Court tells Facebook: Let dead girl's parents see her messages

Facebook messages are no different to a dead person's letters or diaries, a court rules.
Written by David Meyer, Contributor

Video: Facebook suffers legal setback in Germany, loses privacy case.

Germany's highest civil court has ordered Facebook to grant the parents of a dead girl full access to her account.

It's a reversal of a ruling last year that said doing so would be a privacy violation. The parents now reportedly have access to her private messages.

The 15-year-old girl in question died in 2012 under a Berlin subway train. To find out if she had died from suicide as a result of bullying, her parents tried to get Facebook to provide access to her chat records.

However, the social network had put her profile into a memorial state, limiting what they could see, even though they had her login details.

After the parents launched a legal battle to retrieve their daughters' messages, they initially got a Berlin district court to side with them.

But then Berlin's appellate court sided with Facebook, saying German privacy law covered the messages, so they could only be accessed in case of technical necessity or with the profile-holder's consent.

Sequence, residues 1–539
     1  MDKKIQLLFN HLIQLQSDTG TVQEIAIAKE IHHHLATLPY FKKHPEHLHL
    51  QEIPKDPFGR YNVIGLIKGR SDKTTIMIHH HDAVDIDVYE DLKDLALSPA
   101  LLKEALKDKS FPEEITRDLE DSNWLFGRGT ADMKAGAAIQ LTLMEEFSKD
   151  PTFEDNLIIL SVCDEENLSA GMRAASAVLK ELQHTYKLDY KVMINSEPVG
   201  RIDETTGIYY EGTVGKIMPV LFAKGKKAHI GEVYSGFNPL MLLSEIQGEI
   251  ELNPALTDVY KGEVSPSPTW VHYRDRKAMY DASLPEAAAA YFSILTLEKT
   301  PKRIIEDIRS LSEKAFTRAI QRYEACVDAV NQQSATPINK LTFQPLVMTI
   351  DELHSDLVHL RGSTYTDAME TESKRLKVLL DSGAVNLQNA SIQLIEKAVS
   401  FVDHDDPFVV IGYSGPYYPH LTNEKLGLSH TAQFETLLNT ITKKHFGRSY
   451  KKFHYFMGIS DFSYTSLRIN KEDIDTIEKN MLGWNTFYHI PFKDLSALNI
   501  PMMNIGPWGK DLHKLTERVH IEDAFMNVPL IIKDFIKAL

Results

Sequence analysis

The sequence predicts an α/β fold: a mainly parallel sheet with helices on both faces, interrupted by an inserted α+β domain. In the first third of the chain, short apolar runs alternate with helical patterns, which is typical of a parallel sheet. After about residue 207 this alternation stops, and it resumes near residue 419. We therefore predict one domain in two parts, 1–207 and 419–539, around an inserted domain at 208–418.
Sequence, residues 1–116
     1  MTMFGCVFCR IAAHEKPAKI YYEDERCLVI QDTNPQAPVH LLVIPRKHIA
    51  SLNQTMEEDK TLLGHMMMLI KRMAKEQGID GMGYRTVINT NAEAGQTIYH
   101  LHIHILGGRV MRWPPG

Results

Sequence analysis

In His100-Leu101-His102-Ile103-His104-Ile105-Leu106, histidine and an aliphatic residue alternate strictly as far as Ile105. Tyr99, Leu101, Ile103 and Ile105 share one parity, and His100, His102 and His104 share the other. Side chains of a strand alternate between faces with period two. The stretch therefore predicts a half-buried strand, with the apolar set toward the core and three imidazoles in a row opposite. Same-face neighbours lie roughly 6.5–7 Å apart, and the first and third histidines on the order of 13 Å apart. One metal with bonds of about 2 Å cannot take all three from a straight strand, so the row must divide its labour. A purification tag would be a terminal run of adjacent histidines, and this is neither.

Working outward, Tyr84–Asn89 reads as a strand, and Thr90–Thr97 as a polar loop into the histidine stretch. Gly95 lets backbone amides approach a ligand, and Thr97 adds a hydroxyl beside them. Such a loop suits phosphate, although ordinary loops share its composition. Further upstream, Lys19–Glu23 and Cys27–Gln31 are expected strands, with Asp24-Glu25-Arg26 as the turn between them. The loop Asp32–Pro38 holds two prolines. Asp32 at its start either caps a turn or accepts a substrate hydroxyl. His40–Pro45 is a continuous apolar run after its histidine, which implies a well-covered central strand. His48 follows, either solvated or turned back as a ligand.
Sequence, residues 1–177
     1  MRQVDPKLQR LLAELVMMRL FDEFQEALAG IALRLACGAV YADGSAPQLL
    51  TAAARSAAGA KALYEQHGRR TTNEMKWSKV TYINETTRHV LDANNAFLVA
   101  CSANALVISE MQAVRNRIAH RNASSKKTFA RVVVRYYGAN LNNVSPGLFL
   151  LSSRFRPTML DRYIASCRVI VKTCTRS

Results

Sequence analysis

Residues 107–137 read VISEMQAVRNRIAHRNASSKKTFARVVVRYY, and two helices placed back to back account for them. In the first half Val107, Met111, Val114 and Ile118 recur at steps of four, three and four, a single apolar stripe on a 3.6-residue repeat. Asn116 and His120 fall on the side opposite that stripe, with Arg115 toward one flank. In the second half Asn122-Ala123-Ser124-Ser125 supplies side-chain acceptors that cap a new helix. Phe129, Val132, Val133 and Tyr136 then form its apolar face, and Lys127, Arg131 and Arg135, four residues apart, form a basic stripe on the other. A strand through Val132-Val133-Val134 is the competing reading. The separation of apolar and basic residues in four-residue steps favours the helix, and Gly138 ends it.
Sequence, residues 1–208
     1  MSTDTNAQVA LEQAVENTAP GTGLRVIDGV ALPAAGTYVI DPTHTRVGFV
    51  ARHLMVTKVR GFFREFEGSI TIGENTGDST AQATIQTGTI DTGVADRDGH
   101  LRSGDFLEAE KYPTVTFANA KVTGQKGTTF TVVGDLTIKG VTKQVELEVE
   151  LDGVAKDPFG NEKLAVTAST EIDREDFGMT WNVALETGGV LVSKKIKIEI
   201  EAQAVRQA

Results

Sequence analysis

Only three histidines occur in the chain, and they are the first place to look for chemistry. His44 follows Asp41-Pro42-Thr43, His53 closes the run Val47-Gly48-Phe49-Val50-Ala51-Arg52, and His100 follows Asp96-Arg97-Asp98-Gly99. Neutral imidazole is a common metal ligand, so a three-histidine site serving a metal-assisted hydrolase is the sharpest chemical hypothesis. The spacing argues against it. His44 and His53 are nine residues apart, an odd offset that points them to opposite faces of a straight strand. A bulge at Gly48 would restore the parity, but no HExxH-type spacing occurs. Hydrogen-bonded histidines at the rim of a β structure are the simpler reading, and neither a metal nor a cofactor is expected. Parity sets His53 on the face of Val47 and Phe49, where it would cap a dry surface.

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The appeals court also said the girl's correspondents were covered by the privacy law.

On Thursday morning, the Federal Court of Justice overturned that ruling, with judge Ulrich Herrmann saying digital content should be treated in the same way as letters and diaries, which are passed on to heirs.

According to German media, clearing up whether the girl's death was suicide or not won't just achieve closure for the parents. If it was suicide, then the driver of the train that struck her may also get compensation.

"These questions -- how to weigh the wishes of the relatives and protect the privacy of third parties -- are some of the toughest we've confronted," a Facebook spokesperson said.

"We empathize with the family. At the same time, Facebook accounts are used for a personal exchange between individuals, which we have a duty to protect.

"While we respectfully disagree with today's decision by the FCJ, the lengthy process shows how complex the issue under discussion is."

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